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ME825
Strain and Motion Measurement

"Without measurement there can be no science and therefore no engineering."

3 semester credits

Spring semester 2004


Scheduled meeting times:

MWF 11:30-12:20;but the time can be changed to accommodate the needs of participants; Room 1314 EB
Approx. 10 laboratory experiments at average of 2 hours each; by arrangement.

Note on enrollment process:

Because the course is open to students from other fields, such as physics, enrollment might involve an extra step. The computerized enrollment system might not allow you to enroll directly. In this case, obtain an "over-ride" form from the secretary in the Mechanical Engineering Department. This is a nuisance, but it is routine and takes only a few minutes. In the meantime, we are trying to fix the problem.

Instructor:

Prof. Gary Cloud
Materials Science and Mechanics Dept.
College of Engineering
Michigan State University East Lansing, MI 48824 USA
email Prof. Cloud

phone: 517-355-9574

Textbook:

Experimental Stress Analysis 3rd Edition
J.W. Dally and W.F. Riley
College House Enterprises, LLC, 1991
5713 Clen Cove Drive, Knoxville, TN 37919-8611
http://www.collegehousebooks.com

Grading:

Grading basis:

Purpose:

Perform quantitive observations of the responses of an object or objects (structure) to a system of forces (loads).

Ancillary purpose:

Learn how to utilize sensors and measurement technologies to obtain valid data that are useful in science and engineering.

Motivations:

Experimental mechanics is of fundamental importance in engineering, since it deals with the actual responses of objects in the real world. It is important in support of design and manufacturing, first in determining service loads and secondly in establishing the performance of components and structures. With increasing involvment of complex materials, including biomaterials and semiconductors, and interest in ever-smaller sensors and actuators, including MEMS devices, obtaining valid experimental data is critical. Nondestructive evaluation, another component of experimental mechanics, is increasingly required to measure the integrity of structures before and after service.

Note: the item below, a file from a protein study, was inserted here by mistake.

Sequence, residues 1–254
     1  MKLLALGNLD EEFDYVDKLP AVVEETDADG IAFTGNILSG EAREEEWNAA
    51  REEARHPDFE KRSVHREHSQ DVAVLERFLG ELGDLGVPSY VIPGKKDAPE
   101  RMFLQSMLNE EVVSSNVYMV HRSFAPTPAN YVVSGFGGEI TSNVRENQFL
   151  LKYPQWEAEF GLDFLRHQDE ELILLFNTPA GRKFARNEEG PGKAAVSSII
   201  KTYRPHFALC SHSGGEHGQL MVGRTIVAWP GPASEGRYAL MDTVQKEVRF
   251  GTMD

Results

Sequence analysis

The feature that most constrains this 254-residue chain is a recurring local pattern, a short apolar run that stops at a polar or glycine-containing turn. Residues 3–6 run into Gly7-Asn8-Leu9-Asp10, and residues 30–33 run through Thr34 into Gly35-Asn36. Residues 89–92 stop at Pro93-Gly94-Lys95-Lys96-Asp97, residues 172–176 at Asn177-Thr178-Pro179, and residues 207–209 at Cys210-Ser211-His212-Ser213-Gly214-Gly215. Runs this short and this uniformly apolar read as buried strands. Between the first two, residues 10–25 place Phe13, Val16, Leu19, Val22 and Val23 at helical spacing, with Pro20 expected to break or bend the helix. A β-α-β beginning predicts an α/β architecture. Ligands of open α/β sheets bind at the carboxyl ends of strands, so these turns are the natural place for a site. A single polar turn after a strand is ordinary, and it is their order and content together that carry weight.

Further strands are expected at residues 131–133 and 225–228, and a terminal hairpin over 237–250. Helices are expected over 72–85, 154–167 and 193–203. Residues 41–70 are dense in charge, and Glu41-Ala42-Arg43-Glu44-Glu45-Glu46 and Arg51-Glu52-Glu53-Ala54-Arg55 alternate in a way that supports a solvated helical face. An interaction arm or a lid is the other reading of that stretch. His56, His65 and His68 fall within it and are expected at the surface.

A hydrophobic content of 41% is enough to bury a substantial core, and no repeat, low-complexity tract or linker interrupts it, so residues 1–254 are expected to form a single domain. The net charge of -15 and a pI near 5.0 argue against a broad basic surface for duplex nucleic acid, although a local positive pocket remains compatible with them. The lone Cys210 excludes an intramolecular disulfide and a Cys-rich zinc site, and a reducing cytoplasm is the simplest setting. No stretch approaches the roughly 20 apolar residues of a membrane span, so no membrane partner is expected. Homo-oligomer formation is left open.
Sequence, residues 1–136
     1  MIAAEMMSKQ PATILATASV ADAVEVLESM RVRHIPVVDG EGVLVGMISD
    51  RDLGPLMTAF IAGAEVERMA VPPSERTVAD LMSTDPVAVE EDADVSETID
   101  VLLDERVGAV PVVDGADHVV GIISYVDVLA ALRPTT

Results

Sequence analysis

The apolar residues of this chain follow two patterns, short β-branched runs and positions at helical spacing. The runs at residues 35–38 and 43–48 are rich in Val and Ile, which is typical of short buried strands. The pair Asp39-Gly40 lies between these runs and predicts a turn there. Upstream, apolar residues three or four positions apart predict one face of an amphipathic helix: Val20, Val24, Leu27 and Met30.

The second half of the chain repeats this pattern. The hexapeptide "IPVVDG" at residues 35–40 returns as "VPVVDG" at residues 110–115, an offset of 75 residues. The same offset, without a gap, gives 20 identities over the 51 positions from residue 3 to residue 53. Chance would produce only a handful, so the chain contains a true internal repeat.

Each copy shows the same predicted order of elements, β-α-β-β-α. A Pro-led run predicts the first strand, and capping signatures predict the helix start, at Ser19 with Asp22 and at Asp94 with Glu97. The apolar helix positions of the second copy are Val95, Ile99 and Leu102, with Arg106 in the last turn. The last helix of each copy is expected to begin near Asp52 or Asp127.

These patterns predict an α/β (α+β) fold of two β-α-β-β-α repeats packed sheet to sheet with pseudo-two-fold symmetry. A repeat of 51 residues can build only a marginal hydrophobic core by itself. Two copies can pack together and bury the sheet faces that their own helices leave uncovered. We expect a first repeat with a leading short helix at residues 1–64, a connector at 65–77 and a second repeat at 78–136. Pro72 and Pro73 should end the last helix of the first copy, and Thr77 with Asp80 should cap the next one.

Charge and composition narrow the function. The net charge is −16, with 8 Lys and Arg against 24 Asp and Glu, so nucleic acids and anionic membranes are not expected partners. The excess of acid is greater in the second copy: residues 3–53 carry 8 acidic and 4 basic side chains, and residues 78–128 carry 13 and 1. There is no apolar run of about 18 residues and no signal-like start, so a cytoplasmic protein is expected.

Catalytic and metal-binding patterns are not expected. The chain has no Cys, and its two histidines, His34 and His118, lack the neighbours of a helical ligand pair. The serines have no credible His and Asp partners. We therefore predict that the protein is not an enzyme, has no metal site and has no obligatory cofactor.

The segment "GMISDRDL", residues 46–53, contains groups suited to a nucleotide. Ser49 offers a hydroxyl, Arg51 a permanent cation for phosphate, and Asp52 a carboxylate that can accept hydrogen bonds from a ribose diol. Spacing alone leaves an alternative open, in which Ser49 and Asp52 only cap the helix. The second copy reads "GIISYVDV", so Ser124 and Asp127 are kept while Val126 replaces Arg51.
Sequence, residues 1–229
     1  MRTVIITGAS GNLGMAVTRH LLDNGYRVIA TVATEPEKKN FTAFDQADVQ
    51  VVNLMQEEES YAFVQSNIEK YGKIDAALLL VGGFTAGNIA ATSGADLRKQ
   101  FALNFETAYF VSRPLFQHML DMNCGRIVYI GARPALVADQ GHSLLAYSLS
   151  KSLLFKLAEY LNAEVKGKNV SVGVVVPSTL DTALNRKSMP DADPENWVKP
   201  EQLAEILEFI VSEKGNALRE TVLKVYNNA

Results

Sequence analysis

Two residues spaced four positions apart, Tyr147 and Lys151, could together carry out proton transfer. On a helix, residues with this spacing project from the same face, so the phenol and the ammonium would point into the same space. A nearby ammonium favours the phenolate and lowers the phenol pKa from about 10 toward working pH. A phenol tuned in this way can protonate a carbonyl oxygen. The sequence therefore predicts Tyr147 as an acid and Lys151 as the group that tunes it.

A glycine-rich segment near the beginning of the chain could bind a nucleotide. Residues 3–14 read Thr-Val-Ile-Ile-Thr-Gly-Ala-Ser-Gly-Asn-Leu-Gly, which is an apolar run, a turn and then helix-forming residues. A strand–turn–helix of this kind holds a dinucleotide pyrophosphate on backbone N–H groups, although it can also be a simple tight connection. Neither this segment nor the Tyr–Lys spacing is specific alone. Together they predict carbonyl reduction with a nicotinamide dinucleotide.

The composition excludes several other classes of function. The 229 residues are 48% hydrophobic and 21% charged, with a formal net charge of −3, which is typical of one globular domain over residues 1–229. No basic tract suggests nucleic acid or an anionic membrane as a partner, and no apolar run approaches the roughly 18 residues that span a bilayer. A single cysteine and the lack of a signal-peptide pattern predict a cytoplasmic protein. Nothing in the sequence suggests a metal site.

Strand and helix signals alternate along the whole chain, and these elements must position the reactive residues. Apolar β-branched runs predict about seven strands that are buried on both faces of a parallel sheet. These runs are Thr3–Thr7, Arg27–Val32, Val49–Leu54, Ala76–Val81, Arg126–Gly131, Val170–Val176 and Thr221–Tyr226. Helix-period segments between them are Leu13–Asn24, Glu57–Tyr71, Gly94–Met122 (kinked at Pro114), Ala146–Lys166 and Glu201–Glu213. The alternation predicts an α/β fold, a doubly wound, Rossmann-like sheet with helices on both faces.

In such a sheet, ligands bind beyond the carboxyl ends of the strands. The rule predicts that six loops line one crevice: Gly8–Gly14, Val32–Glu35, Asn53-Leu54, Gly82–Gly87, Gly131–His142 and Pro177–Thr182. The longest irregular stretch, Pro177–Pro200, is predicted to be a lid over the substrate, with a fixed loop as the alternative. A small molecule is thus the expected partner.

Audience:

This course should be of interest to persons who are interested in experimental mechanics, sensors, physics, stress analysis, motion measurement, engineering design, structural testing, metrology, nondestructive inspection , and similar fields.

Coverage and approach:

The syllabus will follow the textbook quite closely. Supplemental reading material on motion measurement and optical methods will be provided.

Topics and approximate hours are:
	topic					hours
basic measurements, experimental mechanics      4 
resistance strain gages	                       10
transducers and sensors                         5
motion measurement                             10
photoelasticity                                 5
moire introduction                              2
holography introduction                         2
speckle methods introduction                    3



Laboratory experiments:

Laboratory experience with all the methods is included in the course. Laboratory experiments and demonstrations are listed below. The approach is specifically designed to accommodate students of various backgrounds, including but not limited to physics and engineering.

Note: Typically, the class meets periodically in the lab for demonstrations related to the experiments. The experiment stations are left set up, so that students can perform the experiments singly or in pairs at any time.
Some flexibility in choice of experiments is provided to accommodate students from areas other than solid mechanics.


Prof. Cloud assists Derek Polzien, Mike Gerard, and Rod Prior in modal analysis of the 1997 Formula SAE race car frame.


Created: 6 April 1998 by Gary Cloud
Last Update: 12 Jan. 2004